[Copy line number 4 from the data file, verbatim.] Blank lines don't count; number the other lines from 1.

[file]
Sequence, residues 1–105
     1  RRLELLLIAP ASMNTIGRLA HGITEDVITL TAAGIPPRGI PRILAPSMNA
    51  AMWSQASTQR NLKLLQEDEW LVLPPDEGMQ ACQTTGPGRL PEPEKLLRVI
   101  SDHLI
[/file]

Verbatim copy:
   101  SDHLI